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Wednesday, March 20, 2013

Lent: What Kind of Giving?

By Bill Tolone
            During the Lenten season, we sometimes think of "giving something up" as a way of self-discipline;  a favorite food or drink or even, in this day and age, our favorite form of technology.  But, we know that Lent means much more than this.  Fasting and abstinence are meaningful expressions of sacrificing something and, yet, "giving of ourselves to others in need" can be a better way of making choices to help our sisters and brothers.
            Scripture tells us (Matthew 25:35): "...for I was hungry and you gave me food, I was thirsty and you gave me drink, I was a stranger and you welcomed me...."  This is a well-known and often-quoted passage, but scripture holds many more admonitions to give of ourselves.  For example, Isaiah (25:4) says " have been a stronghold to the poor, a stronghold to the needy in distress, a shelter from the storm and a shade from the heat."  And in Proverbs (31:20) a good wife is described as one who "opens her hands to the poor, and reaches out her hands to the needy."  This is the kind of giving of ourselves which makes Lent a meaningful time for self-sacrifice and what we have done at Clare House for the past 35 years.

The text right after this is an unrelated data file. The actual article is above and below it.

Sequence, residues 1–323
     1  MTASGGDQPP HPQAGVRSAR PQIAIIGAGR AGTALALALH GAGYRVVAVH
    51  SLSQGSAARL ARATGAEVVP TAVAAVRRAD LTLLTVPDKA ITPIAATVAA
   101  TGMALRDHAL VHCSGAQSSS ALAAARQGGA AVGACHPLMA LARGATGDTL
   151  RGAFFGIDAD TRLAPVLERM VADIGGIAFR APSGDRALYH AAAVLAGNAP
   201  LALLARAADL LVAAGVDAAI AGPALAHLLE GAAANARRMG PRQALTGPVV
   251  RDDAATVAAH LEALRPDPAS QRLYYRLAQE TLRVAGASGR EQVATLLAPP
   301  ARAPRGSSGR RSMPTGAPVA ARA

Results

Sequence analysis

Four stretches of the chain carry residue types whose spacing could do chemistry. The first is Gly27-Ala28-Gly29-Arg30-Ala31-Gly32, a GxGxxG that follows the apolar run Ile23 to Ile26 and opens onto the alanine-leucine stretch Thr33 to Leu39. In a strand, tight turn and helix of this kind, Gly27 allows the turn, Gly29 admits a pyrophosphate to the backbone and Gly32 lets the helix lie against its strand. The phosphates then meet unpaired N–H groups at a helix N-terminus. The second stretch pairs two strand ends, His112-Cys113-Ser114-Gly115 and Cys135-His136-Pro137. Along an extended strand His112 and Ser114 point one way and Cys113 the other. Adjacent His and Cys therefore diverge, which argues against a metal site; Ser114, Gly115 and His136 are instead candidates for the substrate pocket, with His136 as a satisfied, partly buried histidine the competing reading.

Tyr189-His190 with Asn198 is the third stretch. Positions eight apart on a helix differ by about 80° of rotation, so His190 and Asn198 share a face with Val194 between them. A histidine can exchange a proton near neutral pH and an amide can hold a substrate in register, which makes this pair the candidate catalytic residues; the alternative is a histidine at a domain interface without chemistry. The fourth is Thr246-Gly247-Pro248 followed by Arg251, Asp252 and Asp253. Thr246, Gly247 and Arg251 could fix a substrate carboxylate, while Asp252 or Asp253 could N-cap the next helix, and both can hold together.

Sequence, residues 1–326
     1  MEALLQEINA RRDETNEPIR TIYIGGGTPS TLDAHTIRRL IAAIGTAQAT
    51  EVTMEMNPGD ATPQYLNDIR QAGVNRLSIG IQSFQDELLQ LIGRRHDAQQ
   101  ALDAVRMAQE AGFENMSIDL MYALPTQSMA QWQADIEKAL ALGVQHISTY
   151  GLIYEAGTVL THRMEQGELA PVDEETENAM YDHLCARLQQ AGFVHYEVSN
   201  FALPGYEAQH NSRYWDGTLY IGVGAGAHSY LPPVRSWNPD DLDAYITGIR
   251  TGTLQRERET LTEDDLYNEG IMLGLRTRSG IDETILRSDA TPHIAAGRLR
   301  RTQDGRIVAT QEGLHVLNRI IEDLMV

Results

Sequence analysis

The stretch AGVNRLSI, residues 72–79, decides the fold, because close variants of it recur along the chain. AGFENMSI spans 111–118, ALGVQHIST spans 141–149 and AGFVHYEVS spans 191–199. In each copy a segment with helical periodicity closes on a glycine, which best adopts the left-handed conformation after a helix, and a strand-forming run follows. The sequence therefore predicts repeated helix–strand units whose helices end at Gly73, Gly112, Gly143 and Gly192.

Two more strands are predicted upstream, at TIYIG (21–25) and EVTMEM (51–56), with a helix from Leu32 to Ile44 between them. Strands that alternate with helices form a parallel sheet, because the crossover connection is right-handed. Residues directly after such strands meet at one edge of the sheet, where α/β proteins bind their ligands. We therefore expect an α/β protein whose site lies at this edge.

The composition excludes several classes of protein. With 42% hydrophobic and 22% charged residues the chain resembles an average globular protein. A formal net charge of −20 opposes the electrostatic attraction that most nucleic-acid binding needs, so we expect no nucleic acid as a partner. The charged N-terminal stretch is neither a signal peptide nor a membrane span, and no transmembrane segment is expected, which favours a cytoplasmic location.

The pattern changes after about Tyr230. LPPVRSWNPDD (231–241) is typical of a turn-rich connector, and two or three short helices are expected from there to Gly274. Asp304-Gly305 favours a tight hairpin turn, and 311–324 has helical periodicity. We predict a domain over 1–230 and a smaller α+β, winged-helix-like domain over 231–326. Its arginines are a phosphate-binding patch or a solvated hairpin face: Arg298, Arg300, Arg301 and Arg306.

So, what can we do during Lent?  While the annual food drive for Clare House is held prior to Thanksgiving, the need for providing food is year-round.  Consider joining us as a Clare House volunteer and extend the Lenten season of giving of yourself.  Volunteering means just that;  not an obligation to do something every day or on a certain day each week.  It means doing what you can within your other responsibilities to family, work and school.  It can mean filling bags of food with us on either Wednesday evenings or Saturday mornings.  Or, it can mean helping to distribute food on Wednesdays or Fridays at 1:00 p.m.  Or, it can mean helping with the Loaves and Fishes lunch on Tuesdays and Thursdays at St. Mary's Church in Bloomington.  Or, writing thank-you notes to those who contribute food to Clare House.  Or, organizing food-drives at your place of work or worship.  Or, donating books to the Free Library in front of Clare House.  Lots of ways to help our brothers and sisters in need.
            Once you become a Clare House volunteer, you will realize that, while you are helping the less fortunate in our community, they are "giving" back to you in a much greater way.

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